Examples of illiquid assets that should be considered in a legacy portfolio include real estate, hedge funds, private markets and infrastructure. These offer the potential for higher risk-adjusted returns, but come with the need to lock up capital for longer.

Data suggests that women are comfortable using illiquidity in favour of investment returns.

World's 10 wealthiest women in 2023 — in pictures

More women (61 per cent) than men (50 per cent) were keen to receive advice about investing in illiquid assets, according to the UBS Investor Watch survey.

In addition, research suggests that women’s favourite asset class is real estate, while men’s is equities.

Women investors may also want to incorporate long-term thematic investment funds to benefit from structural trends.

Through long-term themes, women investors are also able to align their investments to their values and beliefs, which provides them with a sense of purpose through their investments.

Research has shown that women tend to have greater confidence in investing their money when their values are aligned with their investments and when they see a social impact.

The UBS survey highlights that 71 per cent of women take sustainable considerations into account when investing compared with 58 per cent of men.

Beyond investing to preserve and grow wealth, it is also important to have succession plans in place to ensure a smooth transfer of assets.

Women investors may want to incorporate long-term thematic investment funds to benefit from structural trends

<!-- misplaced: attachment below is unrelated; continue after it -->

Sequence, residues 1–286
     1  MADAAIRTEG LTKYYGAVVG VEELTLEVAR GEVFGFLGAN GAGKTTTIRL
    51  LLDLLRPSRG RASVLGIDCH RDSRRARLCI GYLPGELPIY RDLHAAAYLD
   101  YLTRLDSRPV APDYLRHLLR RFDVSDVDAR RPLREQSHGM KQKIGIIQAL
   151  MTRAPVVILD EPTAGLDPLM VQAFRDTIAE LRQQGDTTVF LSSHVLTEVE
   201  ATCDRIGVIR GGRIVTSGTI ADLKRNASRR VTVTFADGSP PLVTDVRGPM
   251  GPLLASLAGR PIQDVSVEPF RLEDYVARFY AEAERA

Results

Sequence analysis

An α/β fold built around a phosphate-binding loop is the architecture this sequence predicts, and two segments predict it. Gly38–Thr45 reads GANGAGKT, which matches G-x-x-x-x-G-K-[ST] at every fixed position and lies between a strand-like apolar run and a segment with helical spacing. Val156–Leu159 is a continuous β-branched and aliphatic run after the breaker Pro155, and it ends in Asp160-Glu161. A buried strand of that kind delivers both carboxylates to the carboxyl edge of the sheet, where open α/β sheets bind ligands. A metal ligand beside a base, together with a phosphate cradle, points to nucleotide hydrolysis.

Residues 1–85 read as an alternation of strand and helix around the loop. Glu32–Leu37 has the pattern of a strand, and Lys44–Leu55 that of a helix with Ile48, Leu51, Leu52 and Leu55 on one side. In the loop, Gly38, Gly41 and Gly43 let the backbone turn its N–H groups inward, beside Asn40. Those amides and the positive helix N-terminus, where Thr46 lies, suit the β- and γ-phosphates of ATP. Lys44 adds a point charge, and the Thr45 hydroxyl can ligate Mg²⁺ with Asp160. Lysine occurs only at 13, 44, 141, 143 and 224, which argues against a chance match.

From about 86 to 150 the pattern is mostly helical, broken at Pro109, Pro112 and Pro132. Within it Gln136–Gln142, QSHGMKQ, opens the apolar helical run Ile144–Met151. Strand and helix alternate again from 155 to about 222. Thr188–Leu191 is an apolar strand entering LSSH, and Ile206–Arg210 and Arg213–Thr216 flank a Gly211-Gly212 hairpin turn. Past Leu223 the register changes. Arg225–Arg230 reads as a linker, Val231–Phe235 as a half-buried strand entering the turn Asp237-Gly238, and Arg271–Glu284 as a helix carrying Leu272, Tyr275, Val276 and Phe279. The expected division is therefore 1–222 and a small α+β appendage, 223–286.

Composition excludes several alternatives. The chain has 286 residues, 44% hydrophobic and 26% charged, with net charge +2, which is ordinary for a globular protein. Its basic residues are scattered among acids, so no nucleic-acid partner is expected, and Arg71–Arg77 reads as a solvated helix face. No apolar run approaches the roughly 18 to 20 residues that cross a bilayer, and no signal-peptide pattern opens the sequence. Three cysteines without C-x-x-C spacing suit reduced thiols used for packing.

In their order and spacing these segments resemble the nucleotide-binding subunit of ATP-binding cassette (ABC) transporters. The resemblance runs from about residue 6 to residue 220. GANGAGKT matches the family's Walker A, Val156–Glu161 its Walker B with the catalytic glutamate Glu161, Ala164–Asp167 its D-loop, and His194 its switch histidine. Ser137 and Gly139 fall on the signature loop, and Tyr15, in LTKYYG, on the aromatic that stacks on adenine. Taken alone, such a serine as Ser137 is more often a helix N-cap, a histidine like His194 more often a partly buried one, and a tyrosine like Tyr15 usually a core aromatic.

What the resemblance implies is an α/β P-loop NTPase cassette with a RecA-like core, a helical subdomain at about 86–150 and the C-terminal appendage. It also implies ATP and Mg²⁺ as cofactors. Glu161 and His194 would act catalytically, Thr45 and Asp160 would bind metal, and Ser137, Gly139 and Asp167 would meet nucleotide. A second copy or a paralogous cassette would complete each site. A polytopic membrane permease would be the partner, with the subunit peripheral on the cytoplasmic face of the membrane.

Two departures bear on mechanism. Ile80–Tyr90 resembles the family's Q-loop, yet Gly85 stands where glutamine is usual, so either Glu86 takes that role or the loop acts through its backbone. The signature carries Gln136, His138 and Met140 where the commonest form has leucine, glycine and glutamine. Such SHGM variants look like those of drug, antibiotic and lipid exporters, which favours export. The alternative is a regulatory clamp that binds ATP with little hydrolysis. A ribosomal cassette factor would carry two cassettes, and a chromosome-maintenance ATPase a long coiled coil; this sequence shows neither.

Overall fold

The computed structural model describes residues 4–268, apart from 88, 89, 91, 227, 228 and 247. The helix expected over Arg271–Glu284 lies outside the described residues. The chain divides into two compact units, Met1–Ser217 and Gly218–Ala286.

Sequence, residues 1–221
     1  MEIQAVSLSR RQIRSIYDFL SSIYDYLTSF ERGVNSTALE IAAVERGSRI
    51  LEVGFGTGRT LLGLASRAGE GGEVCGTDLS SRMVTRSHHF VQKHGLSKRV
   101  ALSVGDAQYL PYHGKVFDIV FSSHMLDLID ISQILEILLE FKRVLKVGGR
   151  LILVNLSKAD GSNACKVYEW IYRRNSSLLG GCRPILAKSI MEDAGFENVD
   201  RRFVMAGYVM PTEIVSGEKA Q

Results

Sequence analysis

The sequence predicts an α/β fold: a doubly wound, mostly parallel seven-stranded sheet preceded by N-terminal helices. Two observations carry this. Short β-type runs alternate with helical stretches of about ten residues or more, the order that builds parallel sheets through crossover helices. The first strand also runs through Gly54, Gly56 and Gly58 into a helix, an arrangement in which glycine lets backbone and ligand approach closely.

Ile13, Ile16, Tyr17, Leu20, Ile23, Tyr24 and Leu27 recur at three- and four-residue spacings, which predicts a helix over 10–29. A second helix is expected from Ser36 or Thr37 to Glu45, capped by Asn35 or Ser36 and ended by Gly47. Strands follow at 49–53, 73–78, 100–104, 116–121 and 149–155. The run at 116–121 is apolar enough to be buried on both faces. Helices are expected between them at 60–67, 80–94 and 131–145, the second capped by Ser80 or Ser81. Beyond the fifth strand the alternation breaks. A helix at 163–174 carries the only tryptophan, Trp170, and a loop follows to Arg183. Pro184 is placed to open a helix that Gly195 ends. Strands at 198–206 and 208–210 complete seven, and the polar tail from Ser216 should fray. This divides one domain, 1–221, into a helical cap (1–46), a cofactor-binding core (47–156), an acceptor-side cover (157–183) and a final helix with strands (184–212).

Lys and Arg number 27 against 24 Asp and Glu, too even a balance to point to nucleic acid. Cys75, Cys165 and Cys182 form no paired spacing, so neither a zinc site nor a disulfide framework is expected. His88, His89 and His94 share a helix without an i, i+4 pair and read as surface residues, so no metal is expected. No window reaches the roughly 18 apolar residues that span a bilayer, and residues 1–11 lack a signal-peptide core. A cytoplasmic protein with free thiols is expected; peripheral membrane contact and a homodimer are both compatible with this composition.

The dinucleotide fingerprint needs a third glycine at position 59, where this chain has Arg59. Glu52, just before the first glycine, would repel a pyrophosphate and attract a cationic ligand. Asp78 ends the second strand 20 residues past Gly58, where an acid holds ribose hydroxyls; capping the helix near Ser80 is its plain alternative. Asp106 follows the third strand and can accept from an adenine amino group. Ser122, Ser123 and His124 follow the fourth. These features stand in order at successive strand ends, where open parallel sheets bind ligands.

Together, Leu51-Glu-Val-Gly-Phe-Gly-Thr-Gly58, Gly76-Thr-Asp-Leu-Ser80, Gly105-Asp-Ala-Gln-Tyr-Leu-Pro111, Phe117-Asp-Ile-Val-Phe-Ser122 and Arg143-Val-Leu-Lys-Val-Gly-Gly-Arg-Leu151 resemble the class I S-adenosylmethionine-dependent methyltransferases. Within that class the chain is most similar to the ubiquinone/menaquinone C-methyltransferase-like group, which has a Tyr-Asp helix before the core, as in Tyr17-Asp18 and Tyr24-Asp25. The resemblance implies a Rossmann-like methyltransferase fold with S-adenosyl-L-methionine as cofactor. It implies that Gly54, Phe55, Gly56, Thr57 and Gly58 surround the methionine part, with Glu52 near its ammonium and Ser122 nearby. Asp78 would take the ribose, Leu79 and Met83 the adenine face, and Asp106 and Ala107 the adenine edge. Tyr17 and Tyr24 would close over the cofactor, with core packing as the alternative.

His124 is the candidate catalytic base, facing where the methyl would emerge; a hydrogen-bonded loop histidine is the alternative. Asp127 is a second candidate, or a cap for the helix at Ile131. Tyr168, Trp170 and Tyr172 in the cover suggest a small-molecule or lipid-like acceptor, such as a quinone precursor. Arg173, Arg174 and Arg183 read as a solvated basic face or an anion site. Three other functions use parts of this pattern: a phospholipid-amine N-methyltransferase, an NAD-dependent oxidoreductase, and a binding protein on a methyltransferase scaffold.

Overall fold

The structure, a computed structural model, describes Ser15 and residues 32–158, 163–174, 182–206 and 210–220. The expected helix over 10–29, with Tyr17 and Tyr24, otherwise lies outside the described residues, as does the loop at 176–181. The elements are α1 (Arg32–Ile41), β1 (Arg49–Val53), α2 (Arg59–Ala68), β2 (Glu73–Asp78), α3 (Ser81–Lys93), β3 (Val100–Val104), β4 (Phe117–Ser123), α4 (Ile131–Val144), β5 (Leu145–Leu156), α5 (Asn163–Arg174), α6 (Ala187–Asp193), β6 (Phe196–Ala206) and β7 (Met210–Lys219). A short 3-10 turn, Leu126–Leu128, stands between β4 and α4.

Marianna Mamou, UBS CIO Global Wealth Management

However, we also see a gender gap in planning, with 55 per cent of women who intend to leave an inheritance not having any plans in place compared with 41 per cent of men.

Furthermore, according to a study by Limra, only 47 per cent of women have life insurance, compared with 58 per cent of men.

At a minimum, women should have in place a will, together with an assigned person to execute it.

In addition, depending on the specific needs, trust and life insurance solutions may be components of a successful transfer of wealth.

Women value expert advice more highly than men, not only in terms of investment advice, but also in terms of facilitating succession discussions and executing succession plans.

To meet their objectives, women need to plan, invest smartly and orchestrate the transfer of their wealth.

A study by BNY Mellon calculated that if women invested at the same rate as men, there could be more than $3.22 trillion of additional capital to invest globally, with about $1.87 trillion flowing into more sustainable and impactful investing.

Through their investments, charitable donations and financially educating their heirs, women have the potential to make a significant impact on both society and future generations.

Marianna Mamou is head of advice beyond investing at UBS CIO Global Wealth Management

Updated: April 14, 2023, 5:00 AM